Church members reenact Last Supper

By Kevin Wilson

As it was recorded in the Bible, Jesus had a small audience to eat with him in his final days before his crucifixion and rebirth.
In what is now regarded as The Last Supper, reenactments across the world work to draw bigger audiences to the things that Jesus told his 12 disciples on what is believed to be a Thursday night.
Portales has one of these reenactments, with the combination of efforts from four Portales churches. The show was Thursday night at First United Methodist Church.
The show had 13 actors playing Jesus (played by John Lowery-King) and his 12 disciples. In the hour-long event, each disciple is characterized before the supper.
Other churches involved in the event were the First Presbyterian Church, University Baptist Church, and Church of the Nazarene.
According to the Bible, during the supper Jesus said, “I tell you the truth — one of you will betray me.”
Each disciple wondered who it could be, or if it was them. That is acted out, and many people involved said that the combination of the message and the production elements (lights, costumes and scenery) make it hard to distinguish between acting and learning.
“When you get the lighting and the costumes and the whole effect, you feel the power of Christ in that room,” said Jan Smartnick, who is a co-director along with Don Criss. “It’s just an awesome feeling. It’s a very powerful dramatization.”
Smartnick has seen the show many times before, as her husband Web is a regular in the show. Thursday night saw Web Smartnick play Matthew, a tax collector who left his business to follow Jesus.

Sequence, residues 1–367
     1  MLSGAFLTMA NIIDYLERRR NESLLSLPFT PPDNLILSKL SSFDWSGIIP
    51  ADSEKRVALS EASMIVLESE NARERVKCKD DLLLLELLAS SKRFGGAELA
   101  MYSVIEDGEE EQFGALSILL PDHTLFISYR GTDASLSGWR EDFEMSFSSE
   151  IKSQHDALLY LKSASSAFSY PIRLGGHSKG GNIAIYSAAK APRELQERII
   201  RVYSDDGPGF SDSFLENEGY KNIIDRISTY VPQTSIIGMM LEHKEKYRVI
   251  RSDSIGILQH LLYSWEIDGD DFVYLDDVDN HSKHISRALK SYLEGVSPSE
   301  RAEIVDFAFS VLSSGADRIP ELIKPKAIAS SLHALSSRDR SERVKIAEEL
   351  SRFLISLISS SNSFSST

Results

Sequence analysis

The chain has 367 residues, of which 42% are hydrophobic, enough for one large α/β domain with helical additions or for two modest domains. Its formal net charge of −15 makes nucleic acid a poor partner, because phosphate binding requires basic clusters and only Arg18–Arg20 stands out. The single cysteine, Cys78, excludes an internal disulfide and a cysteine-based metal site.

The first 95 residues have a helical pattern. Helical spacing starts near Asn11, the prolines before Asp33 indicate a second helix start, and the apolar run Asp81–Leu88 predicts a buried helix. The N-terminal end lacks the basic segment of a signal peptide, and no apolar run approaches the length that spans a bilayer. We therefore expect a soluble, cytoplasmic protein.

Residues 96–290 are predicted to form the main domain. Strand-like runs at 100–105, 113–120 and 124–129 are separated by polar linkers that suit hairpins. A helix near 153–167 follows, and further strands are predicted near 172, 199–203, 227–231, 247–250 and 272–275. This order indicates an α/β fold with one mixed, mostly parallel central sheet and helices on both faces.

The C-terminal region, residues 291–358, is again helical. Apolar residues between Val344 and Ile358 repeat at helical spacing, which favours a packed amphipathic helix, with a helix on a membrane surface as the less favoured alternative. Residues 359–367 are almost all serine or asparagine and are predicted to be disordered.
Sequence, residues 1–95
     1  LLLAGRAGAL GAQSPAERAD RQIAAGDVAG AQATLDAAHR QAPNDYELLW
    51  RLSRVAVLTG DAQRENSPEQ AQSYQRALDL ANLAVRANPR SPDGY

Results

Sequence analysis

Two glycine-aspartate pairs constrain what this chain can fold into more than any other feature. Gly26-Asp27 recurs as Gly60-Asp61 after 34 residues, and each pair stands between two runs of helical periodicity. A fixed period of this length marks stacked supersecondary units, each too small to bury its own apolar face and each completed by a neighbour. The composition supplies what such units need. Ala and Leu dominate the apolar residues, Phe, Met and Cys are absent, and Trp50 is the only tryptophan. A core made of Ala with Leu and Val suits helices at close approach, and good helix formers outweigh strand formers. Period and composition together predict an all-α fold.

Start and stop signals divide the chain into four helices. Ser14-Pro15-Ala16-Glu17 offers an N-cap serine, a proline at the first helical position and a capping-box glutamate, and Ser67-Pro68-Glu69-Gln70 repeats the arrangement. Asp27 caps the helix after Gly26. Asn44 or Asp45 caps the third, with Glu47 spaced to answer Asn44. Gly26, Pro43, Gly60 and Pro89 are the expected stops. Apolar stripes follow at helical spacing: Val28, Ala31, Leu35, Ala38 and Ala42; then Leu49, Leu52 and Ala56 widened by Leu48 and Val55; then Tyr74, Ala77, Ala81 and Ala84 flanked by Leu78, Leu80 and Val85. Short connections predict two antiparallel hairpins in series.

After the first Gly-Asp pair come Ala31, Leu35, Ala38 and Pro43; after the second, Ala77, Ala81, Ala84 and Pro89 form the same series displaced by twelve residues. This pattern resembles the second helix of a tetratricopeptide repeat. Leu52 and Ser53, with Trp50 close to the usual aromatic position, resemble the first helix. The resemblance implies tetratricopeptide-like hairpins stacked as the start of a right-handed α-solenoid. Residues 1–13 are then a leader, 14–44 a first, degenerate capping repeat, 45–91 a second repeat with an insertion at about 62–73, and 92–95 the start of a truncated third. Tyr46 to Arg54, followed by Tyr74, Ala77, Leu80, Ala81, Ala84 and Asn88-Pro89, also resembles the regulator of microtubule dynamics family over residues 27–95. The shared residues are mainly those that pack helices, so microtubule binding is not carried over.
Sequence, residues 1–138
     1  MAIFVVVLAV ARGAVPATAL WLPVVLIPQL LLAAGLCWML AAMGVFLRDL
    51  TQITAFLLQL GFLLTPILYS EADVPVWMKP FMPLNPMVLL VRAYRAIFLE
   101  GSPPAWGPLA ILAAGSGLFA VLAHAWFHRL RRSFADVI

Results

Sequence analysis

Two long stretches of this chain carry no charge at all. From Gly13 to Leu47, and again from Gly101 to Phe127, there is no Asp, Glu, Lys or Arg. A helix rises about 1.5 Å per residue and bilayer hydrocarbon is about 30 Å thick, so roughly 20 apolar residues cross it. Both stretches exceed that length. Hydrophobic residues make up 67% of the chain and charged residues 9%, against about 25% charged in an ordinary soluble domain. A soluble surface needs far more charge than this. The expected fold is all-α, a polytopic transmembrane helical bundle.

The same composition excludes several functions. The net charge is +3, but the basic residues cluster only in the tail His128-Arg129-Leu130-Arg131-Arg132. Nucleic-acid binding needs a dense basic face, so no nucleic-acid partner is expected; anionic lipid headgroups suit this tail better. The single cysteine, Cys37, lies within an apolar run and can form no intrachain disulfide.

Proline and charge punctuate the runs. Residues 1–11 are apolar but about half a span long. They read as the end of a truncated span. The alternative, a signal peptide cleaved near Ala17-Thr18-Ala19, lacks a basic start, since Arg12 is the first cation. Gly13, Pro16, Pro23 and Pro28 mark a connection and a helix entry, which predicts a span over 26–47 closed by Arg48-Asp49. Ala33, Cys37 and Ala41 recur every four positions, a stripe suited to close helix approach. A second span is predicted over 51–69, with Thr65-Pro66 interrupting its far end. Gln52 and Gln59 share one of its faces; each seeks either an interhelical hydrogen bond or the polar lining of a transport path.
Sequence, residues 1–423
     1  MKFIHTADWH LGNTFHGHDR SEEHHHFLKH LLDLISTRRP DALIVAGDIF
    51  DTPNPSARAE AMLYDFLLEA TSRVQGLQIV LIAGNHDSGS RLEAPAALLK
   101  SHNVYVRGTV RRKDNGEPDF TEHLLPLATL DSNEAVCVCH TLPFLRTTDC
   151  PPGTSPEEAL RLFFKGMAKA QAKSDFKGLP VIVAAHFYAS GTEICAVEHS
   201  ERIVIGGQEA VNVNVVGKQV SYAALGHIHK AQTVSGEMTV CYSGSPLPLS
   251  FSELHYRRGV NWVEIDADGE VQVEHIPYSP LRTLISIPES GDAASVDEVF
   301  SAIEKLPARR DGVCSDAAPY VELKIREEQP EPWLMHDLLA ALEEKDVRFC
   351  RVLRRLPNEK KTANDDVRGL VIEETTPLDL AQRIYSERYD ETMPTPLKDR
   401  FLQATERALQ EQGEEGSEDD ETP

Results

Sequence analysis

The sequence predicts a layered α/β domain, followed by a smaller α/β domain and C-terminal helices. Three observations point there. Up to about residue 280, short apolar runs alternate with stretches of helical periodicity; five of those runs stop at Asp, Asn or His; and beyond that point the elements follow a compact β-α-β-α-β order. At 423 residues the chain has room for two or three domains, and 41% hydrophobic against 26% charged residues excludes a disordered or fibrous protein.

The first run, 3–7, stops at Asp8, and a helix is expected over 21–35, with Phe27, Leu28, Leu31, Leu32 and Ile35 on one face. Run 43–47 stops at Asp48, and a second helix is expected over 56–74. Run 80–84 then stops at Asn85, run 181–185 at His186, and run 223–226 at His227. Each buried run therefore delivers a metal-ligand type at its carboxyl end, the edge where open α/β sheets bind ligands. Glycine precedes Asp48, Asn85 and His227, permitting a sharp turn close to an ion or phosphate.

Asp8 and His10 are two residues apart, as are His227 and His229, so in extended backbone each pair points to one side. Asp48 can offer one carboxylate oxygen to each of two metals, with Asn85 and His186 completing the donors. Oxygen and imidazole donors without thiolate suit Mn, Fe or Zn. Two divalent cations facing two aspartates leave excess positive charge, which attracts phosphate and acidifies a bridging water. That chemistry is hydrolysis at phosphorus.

When Web is on stage as Matthew or any other apostle (he once played James the Lesser, who was played by Kenny Prince this time), he never feels that he is really acting. Instead, he’s teaching and learning at the same time.
“It’s just the idea that we’re doing this to this guy that’s our best friend,” he said. “In the end, we depict that we’re leaving him, and we look him in the eye. It looked like John was looking down into the bottom of my souls.”
For Vern Witten, who played Simon, the role of the apostle relates to the role of any Christian who has had struggles with their faith or their actions.
“I guess the main plot is the idea of the betrayal,” Witten said. “Jesus knows that someone’s going to betray him. All of a sudden, it dawns on you, ‘It may be me.’
“At a time in his life, I think each believer betrays Christ and realizes he’s betrayed Christ. To me, that’s really significant.”
Witten said that the actors do not meet with the audience after the show, and he feels that helps bring the message home before audience members have services for Good Friday and Easter Sunday.
“I think they leave believing they’ve had a religious experience,” he said.